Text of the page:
Measures To be Taken By Schools and Parents to Combat Obesity
We all have heard about Child Obesity and might be wondering what this is. You all have a general idea that obesity is not healthy, but what are the concerns?
The number of obese children has increased dramatically in recent years. About 10 percent of children aged 4 and 5 are obese. Overweight is more common in girls than boys and preschoolers (4-5 years) than younger children (2-3 years).
Obesity increases even more, when children grow up. In the age group of 6 to 11 years, at least one child in five is overweight. From the past two decades, this number has increased by more than 50 percent. The number of children who are overweight has almost doubled.
For most children, obesity is a result of unhealthy eating habits (too many calories) and low physical activity. This habit should be detected at an early age, and both parents and schools must make efforts to prevent obesity. An affected parent or a child’s school teacher might ask: what steps can we take to prevent our children’s overweight? This blog provided by Dr. Venu Gopal Pareek provides answers to some questions that you may have. It also provides information to help maintain the health of a child.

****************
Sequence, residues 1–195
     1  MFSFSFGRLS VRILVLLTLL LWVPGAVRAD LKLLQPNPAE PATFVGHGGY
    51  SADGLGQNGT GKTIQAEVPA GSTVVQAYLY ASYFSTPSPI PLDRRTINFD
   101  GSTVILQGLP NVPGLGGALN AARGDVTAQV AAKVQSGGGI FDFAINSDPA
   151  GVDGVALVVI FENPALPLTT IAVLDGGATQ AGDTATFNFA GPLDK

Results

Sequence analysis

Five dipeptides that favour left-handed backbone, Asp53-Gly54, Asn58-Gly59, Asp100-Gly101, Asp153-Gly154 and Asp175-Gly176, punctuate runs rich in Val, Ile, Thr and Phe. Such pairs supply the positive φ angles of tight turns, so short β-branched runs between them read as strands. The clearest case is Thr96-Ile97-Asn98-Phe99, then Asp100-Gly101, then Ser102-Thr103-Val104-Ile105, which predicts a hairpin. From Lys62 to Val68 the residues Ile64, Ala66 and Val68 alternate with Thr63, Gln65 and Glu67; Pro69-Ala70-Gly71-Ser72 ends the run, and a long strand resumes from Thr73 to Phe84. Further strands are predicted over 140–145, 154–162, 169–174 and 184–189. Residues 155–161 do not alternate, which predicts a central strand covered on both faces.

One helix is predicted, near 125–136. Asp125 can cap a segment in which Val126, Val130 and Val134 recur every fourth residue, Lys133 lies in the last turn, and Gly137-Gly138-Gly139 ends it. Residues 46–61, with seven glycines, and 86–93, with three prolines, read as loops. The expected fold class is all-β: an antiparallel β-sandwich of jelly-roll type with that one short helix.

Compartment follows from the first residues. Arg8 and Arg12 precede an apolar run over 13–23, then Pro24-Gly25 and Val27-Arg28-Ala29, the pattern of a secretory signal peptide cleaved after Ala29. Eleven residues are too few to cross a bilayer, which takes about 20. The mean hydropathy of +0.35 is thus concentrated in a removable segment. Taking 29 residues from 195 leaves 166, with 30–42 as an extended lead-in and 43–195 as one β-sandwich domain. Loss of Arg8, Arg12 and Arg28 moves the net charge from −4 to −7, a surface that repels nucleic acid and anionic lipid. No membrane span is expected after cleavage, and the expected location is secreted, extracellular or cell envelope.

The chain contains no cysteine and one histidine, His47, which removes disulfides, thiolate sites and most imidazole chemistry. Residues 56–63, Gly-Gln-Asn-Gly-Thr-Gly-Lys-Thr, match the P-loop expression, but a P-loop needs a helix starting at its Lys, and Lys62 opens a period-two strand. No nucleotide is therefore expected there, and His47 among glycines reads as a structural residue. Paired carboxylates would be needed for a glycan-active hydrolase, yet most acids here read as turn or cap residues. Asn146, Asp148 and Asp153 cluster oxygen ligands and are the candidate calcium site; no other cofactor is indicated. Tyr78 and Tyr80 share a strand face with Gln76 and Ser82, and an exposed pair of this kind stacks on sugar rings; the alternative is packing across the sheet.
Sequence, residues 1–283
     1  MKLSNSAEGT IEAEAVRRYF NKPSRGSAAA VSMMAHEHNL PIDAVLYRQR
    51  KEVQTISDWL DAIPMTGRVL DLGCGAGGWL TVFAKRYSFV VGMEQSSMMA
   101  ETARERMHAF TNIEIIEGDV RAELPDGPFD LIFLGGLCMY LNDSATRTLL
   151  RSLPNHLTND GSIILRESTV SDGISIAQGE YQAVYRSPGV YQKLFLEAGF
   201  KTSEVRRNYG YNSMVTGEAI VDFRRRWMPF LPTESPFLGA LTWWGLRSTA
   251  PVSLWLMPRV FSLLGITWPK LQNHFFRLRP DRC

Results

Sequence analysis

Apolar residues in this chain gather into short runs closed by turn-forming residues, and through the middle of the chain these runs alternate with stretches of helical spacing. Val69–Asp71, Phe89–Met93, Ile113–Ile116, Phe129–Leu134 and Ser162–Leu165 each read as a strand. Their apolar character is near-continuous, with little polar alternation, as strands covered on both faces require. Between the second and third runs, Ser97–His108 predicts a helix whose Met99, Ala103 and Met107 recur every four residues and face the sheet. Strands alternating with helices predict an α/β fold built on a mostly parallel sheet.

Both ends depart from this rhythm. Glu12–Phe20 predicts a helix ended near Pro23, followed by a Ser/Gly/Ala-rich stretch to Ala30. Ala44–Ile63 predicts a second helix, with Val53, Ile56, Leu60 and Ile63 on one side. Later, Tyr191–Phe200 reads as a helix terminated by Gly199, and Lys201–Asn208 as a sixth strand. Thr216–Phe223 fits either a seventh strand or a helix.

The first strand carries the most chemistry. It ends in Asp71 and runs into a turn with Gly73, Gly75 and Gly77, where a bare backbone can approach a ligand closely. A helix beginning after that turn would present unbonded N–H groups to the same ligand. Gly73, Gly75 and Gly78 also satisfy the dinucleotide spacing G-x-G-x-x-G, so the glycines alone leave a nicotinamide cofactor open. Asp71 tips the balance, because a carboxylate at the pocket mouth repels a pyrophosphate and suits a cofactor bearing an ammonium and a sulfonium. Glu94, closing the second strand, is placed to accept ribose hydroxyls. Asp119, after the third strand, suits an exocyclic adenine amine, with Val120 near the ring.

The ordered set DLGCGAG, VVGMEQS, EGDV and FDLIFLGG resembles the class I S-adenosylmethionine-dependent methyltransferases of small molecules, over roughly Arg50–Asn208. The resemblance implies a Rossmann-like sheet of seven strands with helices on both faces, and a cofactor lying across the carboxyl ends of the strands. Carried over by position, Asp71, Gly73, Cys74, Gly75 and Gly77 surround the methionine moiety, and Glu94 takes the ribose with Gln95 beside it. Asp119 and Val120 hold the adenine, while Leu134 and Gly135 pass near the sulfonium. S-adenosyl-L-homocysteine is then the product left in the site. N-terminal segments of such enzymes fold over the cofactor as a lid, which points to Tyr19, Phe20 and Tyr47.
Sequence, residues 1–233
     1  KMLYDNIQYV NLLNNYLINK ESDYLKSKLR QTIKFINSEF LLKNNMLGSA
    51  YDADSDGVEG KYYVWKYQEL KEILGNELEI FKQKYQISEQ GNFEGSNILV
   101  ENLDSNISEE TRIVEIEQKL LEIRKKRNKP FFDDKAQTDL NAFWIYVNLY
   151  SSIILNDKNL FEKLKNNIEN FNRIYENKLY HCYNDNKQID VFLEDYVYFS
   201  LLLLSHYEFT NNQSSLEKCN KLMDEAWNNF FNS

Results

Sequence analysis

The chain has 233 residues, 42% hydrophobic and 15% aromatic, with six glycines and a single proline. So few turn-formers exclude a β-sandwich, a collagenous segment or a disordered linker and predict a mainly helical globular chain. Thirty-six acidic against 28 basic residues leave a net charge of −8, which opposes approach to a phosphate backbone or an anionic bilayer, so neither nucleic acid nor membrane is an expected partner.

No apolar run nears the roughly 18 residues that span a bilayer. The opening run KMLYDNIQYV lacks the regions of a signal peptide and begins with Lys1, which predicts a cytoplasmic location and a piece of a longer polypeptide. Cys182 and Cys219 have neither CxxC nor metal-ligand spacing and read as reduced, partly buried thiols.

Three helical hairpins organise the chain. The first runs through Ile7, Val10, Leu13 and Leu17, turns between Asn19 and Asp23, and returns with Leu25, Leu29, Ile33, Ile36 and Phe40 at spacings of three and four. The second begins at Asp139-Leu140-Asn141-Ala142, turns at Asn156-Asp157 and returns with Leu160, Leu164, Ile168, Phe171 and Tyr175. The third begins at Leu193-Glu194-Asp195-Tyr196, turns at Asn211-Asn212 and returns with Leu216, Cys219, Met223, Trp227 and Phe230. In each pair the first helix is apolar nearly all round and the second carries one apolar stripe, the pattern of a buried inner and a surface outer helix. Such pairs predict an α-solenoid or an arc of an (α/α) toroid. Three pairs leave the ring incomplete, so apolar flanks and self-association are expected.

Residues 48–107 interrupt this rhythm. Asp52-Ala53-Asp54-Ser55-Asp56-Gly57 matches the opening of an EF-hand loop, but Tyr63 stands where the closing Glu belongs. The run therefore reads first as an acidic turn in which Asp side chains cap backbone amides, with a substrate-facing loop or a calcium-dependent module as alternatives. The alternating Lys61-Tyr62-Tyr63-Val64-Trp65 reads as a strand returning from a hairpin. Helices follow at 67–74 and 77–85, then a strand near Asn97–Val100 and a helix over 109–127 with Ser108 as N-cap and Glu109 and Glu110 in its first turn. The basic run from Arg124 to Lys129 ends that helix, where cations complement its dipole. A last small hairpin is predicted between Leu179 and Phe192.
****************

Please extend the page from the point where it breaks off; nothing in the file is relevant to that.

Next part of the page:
Why is Obesity in Children a Health Problem?
- Obese children are increasingly reported to suffer from type 2 diabetes. The onset of diabetes in children can cause heart disease and kidney failure.
- Overweight children also have risk factors for heart disease, such as high blood pressure and high cholesterol than their counterparts who enjoy a healthy weight.
- Obese children are at higher risk for chronic health conditions such as sleep apnea, asthma, bone and joint problems, and type 2 diabetes.
- Overweight children often suffer from social isolation, depression, and lower self-esteem as other healthy weight children tease them. This effect can last until adulthood.
- Obese children are likely to develop into an obese adults. This can cause lifelong physical and mental health problems. Obesity in adults is associated with a higher risk of developing type 2 diabetes, heart disease, and many types of cancer.